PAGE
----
You may, or may not have heard that the U.S.Energy Department just determined that stricter standards on the energy efficiency of light bulbs was unnecessary. This determination was made on the premise that these stricter guidelines on light bulbs are “not economically justified.” That might be because the move away from general service light bulbs would affect nearly 3 million bulbs in U.S. buildings around the country.
However, this policy update is actually a reversal of a previous policy as well as an update. Stronger guidelines aren’t being put on light bulbs, but the guidelines that already exist are being loosened as well. Many consumer groups are estimating that this loosening on energy guidelines will actually cause energy costs to increase by around $14 billion per year. Additionally, all that extra energy used will generate nearly 38 million tons of carbon dioxide as well.
The Current Energy Climate
What light bulbs cause this much unnecessary energy use? Both incandescent and halogen bulbs increase yearly energy spends and utility bills and would not have met the would-be restrictions on light bulb energy use. In fact, the LED light bulbs that would be in favor instead would cost the same as regular light bulbs, only use a quarter of the energy of halogen or incandescent and save the average consumer around $25 to $50 over the course of each light bulb’s individual life span. On the low end, that’s $100 you’re saving for every four light bulbs in your house which can, obviously, add up quite quickly.
So, why preserve the Edison light bulb from 140 years ago when there’s new and better things on the market? Well, the good news is at least California has no intention of following the Energy Department’s needlessly loose guidelines.
The CEC Is Taking A Stand
The California Energy Commission, or the CEC, was in the midst of a lawsuit just last year over the controversy surrounding their stance on mandatory light bulb efficiency with the lighting industry’s various representatives. However, the court ruled in the favor of the CEC, stating that they had not operated outside the perimeter of what the federal law mandated. Their standards of light bulb are, as a result, much higher than the rest of the nation’s. They require at least a 45-lumens-per-watt energy conversion standard for all general service light fixtures. The most recent iteration of this standard covers pear shaped bulbs as well as other types of incandescent and halogen bulbs and will lead to their removal of California retail’s shelves.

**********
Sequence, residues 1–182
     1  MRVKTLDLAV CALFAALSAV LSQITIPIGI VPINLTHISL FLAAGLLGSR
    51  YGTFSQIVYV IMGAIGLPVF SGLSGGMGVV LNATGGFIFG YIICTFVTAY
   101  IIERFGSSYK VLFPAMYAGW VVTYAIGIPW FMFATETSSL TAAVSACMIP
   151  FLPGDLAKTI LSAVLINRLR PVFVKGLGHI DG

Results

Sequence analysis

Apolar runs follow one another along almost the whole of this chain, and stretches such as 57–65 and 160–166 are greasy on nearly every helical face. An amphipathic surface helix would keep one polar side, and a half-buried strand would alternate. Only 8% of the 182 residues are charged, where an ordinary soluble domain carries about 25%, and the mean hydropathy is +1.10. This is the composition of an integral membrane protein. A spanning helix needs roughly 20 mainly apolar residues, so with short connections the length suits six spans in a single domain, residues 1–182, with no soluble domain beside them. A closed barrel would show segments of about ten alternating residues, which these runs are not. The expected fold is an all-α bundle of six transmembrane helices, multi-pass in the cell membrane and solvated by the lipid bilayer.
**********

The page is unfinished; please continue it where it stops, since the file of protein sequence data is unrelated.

What’s Being Done
California is luckily not the only one to put a value on the cost and efficiency of our light bulbs. Other states, including Colorado, Nevada, Washington and Vermont, have recently added their voices to the argument and have started pursuing standards similar to the Obama-era ones. That generally outlines that whatever bulbs are on the shelves must use 65% less energy while still delivering the same amount of light. This limits most bulbs available to the consumer to be fluorescent or LED options. Pair that with the fact that most LED light bulbs are no longer 40% more than regular light bulbs, but much nearer to the cost of halogen options, the comparison between these different means of lighting the room becomes a little easier to do.
While the U.S. takes steps backward on money saving measures and environmental action, the EU is taking a step forward. In fact, their ban on halogen light bulbs, those same bulbs invented 140 years ago, went into effect in 2018. The only exception to those rules includes capsules, linear and low-voltage halogen lights,which are still allowed when they’re used as oven or other appliance lighting options. The European stores, at this point, have already entirely sold out of their halogen bulbs and are going entirely green. So, this begs the question, why break from the trend and not follow suit with the rest of the countries going green and improving the average consumer’s energy consumption levels? Because of pressure from lighting industry manufacturers. Companies like GE and others still make halogen bulbs and would have to toss out a whole load of them if the entire stock was simply sold off the shelves and not replaced. Especially since it’s primarily Western countries making the transition who are likely the ones buying more light fixtures on a regular basis, and thus, more bulbs.
Why Energy Efficiency Is Better
Even if you don’t believe in climate change, energy efficiency is a good thing. Not just because it’s greener, but also because it’s measurably cheaper. In fact, solar panels are one of the most cost effective power solutions on the market as they pay themselves off within the year and actually give you the option to sell back your excess power units to the grid for profit. Not only would your utility bill drop, but in a few months, the utility company will be writing you the check. In regard to pairing these solutions with LED options, that only increases your chances to profit off your independent energy creation. And in the meantime, it’s an excuse to pay less for the same amount of light you have to use everyday.
Electric infrastructures are ever-changing and ever-improving. With new control system panels that can handle bluetooth and meshing your network across an entire campus to improvements in energy efficiency, the industry is always evolving. If you want to be on the advancing side of it, you can reach out to us anytime. We’re always eager to help you bring your system up to speed and help you come up with ways to innovate and make your operation work faster and better. Schedule an initial consultation with us today.